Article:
The Lake Placid Olympic Museum is set to open a new exhibit, Foretelling the Future – The National Weather Service at the 1980 Olympic Winter Games, on December 18th for the winter season.
In 1980, there was a small team of meteorologists working to give accurate and timely weather warnings and forecasts to ensure a safe and successful Olympic Winter Games for Lake Placid. The new exhibit will take a look at how the National Weather Service Olympic Support Unit’s weather forecasts and warnings impacted the 1980 Olympic Winter Games. » Continue Reading.
Meet past and future winter Olympians Thursday afternoons this summer at the Lake Placid Olympic Museum. The Meet an Olympian program is a unique opportunity for visitors to speak with several regional Olympians about their journey to the Games and learn more about what it takes to be an Olympic athlete.
The program kicks-off Thursday, July 6, from 3 to 5 pm with ski jumper Tara Geraghty-Moats, who is looking to compete in February’s Olympic Winter Games in PyeongChang, South Korea. Two-time Olympic alpine Super-G medalist Andrew Weibrecht follows her, on July 13. Weibrecht returns to the Museum, July 27, with alpine Olympic hopeful Cecily Decker. » Continue Reading.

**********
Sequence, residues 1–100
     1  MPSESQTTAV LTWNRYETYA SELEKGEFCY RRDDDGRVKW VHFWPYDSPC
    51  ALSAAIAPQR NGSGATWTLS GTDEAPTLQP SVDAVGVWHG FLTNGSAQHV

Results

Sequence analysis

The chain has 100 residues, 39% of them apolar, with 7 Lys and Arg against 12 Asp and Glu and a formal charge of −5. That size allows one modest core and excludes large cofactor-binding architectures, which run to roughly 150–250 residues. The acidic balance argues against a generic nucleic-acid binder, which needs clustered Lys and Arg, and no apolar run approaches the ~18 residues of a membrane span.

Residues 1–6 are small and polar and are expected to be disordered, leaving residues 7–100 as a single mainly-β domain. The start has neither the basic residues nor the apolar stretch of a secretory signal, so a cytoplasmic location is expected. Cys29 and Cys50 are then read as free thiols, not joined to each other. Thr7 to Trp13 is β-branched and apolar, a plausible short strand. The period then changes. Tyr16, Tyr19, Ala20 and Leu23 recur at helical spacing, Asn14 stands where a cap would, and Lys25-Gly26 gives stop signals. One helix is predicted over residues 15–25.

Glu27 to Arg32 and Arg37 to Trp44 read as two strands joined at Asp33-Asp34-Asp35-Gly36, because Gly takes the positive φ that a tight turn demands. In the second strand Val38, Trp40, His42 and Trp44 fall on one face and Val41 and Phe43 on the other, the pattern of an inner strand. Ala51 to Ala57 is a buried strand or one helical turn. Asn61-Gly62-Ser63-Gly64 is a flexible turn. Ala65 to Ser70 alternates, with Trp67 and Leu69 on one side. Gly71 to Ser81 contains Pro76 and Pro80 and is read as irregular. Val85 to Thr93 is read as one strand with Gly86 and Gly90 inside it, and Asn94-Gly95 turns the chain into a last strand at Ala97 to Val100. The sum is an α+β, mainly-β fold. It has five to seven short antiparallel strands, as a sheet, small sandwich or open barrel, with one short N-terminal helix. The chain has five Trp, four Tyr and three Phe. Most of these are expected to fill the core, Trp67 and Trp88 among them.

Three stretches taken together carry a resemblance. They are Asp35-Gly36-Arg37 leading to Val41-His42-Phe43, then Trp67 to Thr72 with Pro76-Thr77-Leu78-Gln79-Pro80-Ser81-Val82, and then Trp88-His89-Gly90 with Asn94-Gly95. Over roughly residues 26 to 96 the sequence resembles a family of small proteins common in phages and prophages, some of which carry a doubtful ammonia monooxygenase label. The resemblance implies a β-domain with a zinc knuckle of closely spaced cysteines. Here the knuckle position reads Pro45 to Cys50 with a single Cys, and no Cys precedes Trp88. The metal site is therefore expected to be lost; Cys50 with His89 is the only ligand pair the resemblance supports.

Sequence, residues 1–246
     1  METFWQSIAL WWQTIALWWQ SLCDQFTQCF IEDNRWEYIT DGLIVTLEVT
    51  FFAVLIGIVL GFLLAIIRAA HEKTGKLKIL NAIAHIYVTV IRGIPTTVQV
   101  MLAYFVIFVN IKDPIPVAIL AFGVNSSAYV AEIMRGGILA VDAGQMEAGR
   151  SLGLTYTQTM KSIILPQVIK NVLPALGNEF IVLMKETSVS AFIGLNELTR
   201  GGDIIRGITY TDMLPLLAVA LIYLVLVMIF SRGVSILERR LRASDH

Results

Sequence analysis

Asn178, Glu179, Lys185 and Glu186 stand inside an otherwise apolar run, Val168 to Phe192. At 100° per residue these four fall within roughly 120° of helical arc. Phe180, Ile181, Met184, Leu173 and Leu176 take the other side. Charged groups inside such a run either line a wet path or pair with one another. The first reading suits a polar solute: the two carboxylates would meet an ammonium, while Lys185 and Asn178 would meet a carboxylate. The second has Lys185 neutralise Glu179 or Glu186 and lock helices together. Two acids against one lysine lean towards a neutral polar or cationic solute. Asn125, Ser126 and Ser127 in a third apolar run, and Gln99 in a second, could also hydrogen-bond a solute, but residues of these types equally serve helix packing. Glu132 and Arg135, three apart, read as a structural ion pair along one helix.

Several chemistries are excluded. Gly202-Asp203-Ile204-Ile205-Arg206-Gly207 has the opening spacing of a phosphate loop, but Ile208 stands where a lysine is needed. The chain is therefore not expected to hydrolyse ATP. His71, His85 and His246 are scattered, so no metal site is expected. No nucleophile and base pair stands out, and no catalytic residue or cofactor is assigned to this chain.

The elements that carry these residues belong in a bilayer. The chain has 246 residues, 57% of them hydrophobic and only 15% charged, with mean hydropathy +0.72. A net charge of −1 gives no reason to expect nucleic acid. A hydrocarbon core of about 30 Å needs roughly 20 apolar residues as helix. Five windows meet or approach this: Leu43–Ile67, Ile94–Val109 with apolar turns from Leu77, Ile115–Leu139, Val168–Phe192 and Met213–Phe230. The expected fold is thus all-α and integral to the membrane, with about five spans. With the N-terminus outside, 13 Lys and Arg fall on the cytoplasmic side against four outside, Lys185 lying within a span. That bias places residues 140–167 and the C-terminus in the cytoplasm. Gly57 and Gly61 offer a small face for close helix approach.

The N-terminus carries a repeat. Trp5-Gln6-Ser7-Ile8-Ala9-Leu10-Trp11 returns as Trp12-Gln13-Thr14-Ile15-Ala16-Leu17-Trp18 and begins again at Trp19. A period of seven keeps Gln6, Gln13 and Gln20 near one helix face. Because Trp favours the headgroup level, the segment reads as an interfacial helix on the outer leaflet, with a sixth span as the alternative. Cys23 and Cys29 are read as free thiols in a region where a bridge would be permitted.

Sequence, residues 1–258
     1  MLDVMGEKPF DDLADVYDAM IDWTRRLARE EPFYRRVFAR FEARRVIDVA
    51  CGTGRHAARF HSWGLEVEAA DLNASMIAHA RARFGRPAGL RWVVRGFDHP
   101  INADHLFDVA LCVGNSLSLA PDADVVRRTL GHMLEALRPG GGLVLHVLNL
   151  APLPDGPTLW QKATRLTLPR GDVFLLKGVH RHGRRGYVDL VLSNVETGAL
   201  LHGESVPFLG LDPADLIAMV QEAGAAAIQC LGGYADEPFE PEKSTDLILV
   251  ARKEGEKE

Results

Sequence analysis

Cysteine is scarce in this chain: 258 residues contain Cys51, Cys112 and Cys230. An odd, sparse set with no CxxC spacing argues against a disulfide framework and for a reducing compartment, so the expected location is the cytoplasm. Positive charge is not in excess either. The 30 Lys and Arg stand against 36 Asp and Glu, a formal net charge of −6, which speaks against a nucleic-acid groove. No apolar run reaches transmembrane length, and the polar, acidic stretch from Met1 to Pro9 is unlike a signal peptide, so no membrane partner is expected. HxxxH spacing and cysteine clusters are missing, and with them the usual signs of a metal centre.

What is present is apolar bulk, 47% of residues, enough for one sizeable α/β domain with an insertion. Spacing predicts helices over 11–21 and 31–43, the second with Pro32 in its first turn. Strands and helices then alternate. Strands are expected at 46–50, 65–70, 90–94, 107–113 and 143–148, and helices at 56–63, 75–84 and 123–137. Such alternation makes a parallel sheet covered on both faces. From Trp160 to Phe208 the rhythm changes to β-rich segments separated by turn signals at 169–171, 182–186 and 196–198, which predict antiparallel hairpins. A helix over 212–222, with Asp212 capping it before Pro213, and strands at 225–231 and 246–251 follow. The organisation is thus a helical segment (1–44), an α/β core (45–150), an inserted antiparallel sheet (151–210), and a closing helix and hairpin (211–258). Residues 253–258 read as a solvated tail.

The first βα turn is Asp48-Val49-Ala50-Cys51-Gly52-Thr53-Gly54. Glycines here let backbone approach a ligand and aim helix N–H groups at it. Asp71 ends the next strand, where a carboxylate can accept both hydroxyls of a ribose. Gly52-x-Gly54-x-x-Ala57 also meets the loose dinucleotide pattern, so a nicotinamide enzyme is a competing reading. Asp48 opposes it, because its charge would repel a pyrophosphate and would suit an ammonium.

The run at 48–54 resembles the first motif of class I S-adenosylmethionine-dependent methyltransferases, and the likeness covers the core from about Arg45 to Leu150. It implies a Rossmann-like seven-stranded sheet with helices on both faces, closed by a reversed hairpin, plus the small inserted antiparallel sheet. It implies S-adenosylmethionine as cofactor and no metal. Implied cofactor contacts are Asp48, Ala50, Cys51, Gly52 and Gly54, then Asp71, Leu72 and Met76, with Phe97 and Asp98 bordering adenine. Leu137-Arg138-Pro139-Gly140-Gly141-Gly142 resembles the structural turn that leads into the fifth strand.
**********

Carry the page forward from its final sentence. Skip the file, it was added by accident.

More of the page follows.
A new permanent exhibit sped into the Lake Placid Olympic Museum on May 23rd that celebrates one of the original Lake Placid winter sports — speed skating.
“Quest for Speed” features various displays explaining the history of the sport and its origins and impact in Lake Placid. Skaters profiled included local Olympic stars Charles Jewtraw and Jack Shea, and of course Wisconsin-native Eric Heiden, who won an unparalleled five gold medals at the 1980 Olympic Games. Museum director Alison Haas interviewed several champions in the sport to research the exhibit, in one case traveling to Salt Lake City to interview Eric Heiden. » Continue Reading.
Lake Placid Olympic Museum staff members Alison Haas and Susanna Fout have received the Individual Achievement Award of Merit from the Museum Association of New York. The award was presented at the Museum Association of New York’s Annual Conference on Monday in Lake Placid.